armchair theologian: “RE: Superman – he’s already an ‘inspired-by’ character, so any character inspired-by him doesn’t get the lame imitator status I might otherwise apply. Its the funny thing with comics, which were originally inspired by pulp heroes, which were probably inspired by something else before them in turn, so on and so forth.”

Gold Any Ranger: “Similar to the Legion/Shi’ar Imperial Guard situation is the Justice League and the Squadron Supreme. Every member of the Squadron is an imitation of a Justice League Member, Hyperion = Superman, Nighthawk = Batman, Princess Power = Wonder Woman, Dr Spectrum = Green Lantern, etc.”

To read ALL the comments from last week’s column, CLICK HERE! As always, thanks for the input!

This week we discuss…

Does Comic-Con Do More Harm Than Good?

Recently Mile High Comics president Chuck Rozanski announced that the retailer will not be attending San Diego Comic Con, ending a relationship that has lasted nearly half a century.

“To answer the numerous questions that we have been receiving of late, for the first time in 44 years, we will not be exhibiting at this year’s San Diego Comic-Con. I wish that this decision could have been otherwise, but circumstances beyond our control made our further participation impossible. To explain, San Diego has grown far beyond its original premise, morphing from what was originally a wonderful annual gathering of the comics world, into a world-renown pop culture and media festival. As such, it has seen rapidly escalating costs, and also a dramatic change in the demographics of its attendees. Neither of those changes worked to our advantage.”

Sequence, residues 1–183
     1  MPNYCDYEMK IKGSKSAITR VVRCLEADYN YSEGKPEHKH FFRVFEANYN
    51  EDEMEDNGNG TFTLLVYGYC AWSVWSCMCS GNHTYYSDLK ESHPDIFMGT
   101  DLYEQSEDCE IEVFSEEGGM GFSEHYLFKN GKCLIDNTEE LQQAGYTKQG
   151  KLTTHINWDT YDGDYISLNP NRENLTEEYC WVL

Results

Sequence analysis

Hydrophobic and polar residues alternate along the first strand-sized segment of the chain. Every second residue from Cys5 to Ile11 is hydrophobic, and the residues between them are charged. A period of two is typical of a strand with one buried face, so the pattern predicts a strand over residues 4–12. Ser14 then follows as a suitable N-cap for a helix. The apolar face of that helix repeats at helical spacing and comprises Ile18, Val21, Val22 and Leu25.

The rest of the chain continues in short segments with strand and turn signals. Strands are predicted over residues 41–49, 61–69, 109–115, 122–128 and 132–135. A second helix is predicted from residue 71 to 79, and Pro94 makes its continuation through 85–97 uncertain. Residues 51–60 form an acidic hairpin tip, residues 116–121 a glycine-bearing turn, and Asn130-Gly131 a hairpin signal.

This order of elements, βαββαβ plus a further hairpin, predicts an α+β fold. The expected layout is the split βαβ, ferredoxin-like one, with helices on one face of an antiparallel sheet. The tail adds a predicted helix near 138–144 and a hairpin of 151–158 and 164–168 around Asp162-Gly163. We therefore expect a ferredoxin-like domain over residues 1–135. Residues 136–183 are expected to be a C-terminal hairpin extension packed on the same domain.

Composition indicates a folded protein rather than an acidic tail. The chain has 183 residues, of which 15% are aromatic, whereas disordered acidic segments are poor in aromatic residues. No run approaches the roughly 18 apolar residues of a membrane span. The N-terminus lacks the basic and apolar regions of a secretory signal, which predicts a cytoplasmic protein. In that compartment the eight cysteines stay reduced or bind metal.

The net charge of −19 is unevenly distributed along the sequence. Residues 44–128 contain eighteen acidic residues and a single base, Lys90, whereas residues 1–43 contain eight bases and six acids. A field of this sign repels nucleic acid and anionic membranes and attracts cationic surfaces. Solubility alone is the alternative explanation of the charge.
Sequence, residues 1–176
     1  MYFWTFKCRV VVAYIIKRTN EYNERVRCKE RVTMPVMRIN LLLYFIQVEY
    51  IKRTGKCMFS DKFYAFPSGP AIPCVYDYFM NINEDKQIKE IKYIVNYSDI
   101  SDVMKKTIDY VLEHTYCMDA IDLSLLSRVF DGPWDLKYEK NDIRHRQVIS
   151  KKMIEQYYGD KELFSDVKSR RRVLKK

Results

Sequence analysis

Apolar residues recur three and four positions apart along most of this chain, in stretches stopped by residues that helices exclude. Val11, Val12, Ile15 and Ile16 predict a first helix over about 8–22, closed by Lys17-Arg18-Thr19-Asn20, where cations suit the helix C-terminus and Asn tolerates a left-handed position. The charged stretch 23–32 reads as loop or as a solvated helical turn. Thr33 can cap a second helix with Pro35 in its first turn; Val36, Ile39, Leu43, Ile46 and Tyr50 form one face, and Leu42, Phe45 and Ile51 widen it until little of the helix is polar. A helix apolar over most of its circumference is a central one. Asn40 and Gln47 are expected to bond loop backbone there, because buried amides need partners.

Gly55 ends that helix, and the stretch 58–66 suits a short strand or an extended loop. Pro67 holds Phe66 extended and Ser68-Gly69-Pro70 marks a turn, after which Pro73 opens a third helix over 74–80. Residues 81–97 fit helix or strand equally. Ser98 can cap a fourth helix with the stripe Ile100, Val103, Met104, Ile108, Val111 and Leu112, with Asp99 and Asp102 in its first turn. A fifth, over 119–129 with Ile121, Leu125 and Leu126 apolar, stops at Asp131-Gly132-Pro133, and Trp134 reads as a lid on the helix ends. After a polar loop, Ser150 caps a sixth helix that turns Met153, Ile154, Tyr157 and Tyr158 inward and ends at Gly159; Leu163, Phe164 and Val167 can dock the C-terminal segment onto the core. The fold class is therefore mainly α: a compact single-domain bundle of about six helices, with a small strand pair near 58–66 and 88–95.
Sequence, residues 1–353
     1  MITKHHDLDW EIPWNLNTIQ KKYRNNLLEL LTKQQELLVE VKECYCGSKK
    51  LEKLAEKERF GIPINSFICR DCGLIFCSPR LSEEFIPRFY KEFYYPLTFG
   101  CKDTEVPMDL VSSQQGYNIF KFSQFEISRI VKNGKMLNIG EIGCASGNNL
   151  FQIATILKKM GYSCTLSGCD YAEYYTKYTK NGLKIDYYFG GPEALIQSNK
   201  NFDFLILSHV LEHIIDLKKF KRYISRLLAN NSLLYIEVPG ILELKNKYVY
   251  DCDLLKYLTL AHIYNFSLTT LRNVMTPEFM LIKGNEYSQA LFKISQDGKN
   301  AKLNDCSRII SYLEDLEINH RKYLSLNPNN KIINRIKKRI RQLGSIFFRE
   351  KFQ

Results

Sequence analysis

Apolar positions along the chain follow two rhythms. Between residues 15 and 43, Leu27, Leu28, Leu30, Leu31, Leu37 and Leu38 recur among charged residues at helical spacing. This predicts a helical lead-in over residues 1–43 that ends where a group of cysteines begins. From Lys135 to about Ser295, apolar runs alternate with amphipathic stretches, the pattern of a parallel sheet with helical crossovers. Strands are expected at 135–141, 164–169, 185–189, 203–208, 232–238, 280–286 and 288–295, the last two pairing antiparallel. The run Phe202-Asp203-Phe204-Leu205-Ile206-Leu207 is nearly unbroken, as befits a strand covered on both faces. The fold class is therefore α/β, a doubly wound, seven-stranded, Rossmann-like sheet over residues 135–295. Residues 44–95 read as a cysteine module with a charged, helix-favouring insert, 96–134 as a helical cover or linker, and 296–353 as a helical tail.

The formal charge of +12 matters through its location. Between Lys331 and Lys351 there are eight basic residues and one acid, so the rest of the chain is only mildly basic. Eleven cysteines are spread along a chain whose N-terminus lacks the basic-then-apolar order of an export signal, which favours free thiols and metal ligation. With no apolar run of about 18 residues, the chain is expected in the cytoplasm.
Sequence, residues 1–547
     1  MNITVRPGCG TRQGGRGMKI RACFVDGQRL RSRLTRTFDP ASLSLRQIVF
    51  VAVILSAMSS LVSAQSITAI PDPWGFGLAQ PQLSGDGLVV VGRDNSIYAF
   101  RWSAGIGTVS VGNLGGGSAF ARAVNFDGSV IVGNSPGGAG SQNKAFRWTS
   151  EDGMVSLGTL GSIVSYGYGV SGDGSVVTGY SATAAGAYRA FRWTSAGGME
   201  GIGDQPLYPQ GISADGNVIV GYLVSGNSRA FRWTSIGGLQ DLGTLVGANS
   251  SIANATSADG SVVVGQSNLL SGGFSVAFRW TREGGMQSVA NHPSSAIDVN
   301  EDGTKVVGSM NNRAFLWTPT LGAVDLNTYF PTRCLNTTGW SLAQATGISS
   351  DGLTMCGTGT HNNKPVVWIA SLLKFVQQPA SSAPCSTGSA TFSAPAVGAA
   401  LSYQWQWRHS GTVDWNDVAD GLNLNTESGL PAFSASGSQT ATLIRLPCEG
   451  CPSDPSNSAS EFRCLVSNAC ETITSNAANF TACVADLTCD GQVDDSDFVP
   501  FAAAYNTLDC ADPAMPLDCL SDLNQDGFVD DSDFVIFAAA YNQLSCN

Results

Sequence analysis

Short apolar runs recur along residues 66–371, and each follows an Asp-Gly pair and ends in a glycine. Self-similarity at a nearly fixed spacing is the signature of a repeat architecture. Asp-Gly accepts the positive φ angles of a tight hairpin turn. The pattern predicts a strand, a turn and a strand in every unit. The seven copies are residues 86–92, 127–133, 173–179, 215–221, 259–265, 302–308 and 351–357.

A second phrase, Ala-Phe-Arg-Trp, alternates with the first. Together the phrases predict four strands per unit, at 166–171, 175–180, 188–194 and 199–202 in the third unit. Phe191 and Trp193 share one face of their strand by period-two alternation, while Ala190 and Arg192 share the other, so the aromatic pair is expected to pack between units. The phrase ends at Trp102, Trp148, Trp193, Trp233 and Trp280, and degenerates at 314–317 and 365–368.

Rozanski went on to explain that, while the Mile High booth in 1973 cost just $40 for the entire weekend, the most recent booth renewal fee $18,000. Also, Rozanski said, foot traffic to the booth was down.

“To summarize, we experienced rising costs, while at the same time foot traffic in our booth plummeted. That is never a good combination. That having been said, I truly loved the experience of exhibiting at San Diego Con, so I can assure you that I would have ignored those two major obstacles, and still renewed my booth. The final straw, however, was the utter indifference of the San Diego Comic-Con management to the fiasco that we endured at the beginning of last year’s show, when the freight handlers that they hired failed to deliver our comics to our booth…Making matters much worse, at no time during this ordeal (or during the show) did anyone from the convention management stop by with an apology, an explanation, or even just to commiserate. After 44 years of my supporting them through good times and bad, that was just too much indifference to endure. When you are in a relationship out of love and passion, but the other party could care less whether you live or die, you have to realize that it is time to move on. I will very much miss San Diego, but I doubt if the convention management will even notice that I am gone. Such is life.”